on processsharing tPP

Scraping the Violence Project’s Mass Shooter Database (part 1 of 2)

The thoughtful Greg Reese from Miami’s Research Computing Support sent our team a link to a news story today. The email was titled, “Might have relevance to your work” and linked to a story by Vice News, “Nearly All Mass Shooters Since 1966 Have Had 4 Things in Common.”

This article presents a recent data set published by The Violence Project known as the Mass Shooter Database.

Greg was right to send this our way as there are obvious likely overlaps between tPP’s case criteria and the MSD’s. When reviewing Vice’s secondary review, they noted:

“[Mass shootings are] also increasingly motivated by racial, religious, or misogynist hatred, particularly the ones that occurred in the past five years.”

As soon as I saw this I decided to request access to the data set and promptly received a link. The meticulous and easy to navigate data set provided event data on 171 shootings. From there I sorted columns to prioritize certain variable values and trim the 171 events down to those which would likely meet the inclusion criteria for tPP.

  • I began by eliminating any shootings prior to 1990 as this is outside of tPP’s data range.
  • I then used the “on scene outcome” variable to remove all cases where the shooter died on scene, keeping only those in which the individual was apprehended. Since tPP requires the charging of a crime, only individuals who survived their attack could be included.
  • I then sorted by motive. The data set codes for 13 “grievances” and “motivations.” Using these criteria I colored all cases which displayed the following values:
    • Racial element
    • Interest in white supremacy/Notable racism/Xenophobia
    • Religious hate
    • Homophobia

I also included two cases coded as “Notable misogyny” as this is a recurrent trend in some cases we have added to our project. I then eliminated all of the cases which displayed other grievances as these would not likely meet our definition of a socio-political motive.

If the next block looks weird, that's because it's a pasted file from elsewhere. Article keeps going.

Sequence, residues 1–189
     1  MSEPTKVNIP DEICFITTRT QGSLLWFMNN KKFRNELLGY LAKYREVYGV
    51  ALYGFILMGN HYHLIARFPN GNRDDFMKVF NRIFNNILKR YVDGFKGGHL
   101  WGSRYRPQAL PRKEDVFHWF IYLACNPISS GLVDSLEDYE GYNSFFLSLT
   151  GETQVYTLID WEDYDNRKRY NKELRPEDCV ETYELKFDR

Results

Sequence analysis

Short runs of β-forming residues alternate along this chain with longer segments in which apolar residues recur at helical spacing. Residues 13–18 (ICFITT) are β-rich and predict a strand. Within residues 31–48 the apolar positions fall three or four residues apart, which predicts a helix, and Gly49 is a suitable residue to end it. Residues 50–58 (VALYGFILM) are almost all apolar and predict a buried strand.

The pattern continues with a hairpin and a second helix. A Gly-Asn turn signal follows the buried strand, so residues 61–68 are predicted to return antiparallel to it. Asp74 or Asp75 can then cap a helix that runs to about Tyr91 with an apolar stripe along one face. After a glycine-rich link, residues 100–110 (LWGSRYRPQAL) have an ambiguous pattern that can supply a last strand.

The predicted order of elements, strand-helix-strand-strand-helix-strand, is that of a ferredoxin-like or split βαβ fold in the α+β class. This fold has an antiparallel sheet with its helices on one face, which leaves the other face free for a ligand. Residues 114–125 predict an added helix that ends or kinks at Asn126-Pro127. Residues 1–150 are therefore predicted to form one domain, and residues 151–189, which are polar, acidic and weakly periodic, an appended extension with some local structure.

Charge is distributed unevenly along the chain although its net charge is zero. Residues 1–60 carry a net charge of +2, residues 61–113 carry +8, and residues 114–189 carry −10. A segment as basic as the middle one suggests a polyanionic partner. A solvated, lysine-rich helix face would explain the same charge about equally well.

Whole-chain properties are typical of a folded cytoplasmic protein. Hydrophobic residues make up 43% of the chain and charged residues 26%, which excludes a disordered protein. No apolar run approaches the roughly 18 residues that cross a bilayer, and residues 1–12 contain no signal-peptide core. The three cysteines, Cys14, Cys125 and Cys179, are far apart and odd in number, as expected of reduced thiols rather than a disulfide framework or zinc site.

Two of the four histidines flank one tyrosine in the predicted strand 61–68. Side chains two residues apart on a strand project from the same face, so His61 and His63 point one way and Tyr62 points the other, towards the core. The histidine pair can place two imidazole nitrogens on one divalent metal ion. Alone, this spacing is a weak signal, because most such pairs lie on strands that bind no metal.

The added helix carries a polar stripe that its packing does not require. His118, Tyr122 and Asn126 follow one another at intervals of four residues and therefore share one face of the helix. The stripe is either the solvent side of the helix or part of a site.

This process produced a final set of 13 cases which, according to my interpretations of the coding criteria as provided by The Violence Project, likely meet the criteria for inclusion in tPP. These cases will subsequently be assigned to coders to investigate, and eventually coded for inclusion or exclusion. The cases identified (prior to individual investigation) are:

  1. Kenneth French
  2. Colin Ferguson
  3. Hastings Arthur Wise
  4. Richard Baumhammers
  5. Steven Stagner
  6. Chai Vang
  7. Dylann Roof
  8. Arcan Cetin
  9. Nikolas Cruz
  10. Dimitrios Pagourtzis
  11. Jarrod Ramos
  12. Robert Bowers
  13. Patrick Crusius

Our scraping procedure for data sets requires that we first check if an incident is already included in the project. This involves searching the final data set as well as a series of ‘in progress’ sheets managed by coding teams. If the case is already included, as is the case of the 4 defendants underlined, we will evaluate our coding choices based on the new data for triangulation and possible modification. Since the data provided by The Violence Project is more detailed in certain aspects, we may be able to more accurately represent the record within tPP by exploring the other researchers’ coding decisions.

This search yielded confirmatory information on 4 cases, and 9 likely new case starters. These 9 cases will be investigated by coding teams. They will be worked through the inclusion/exclusion decision tree, and if they pass, entered into the team workflow.

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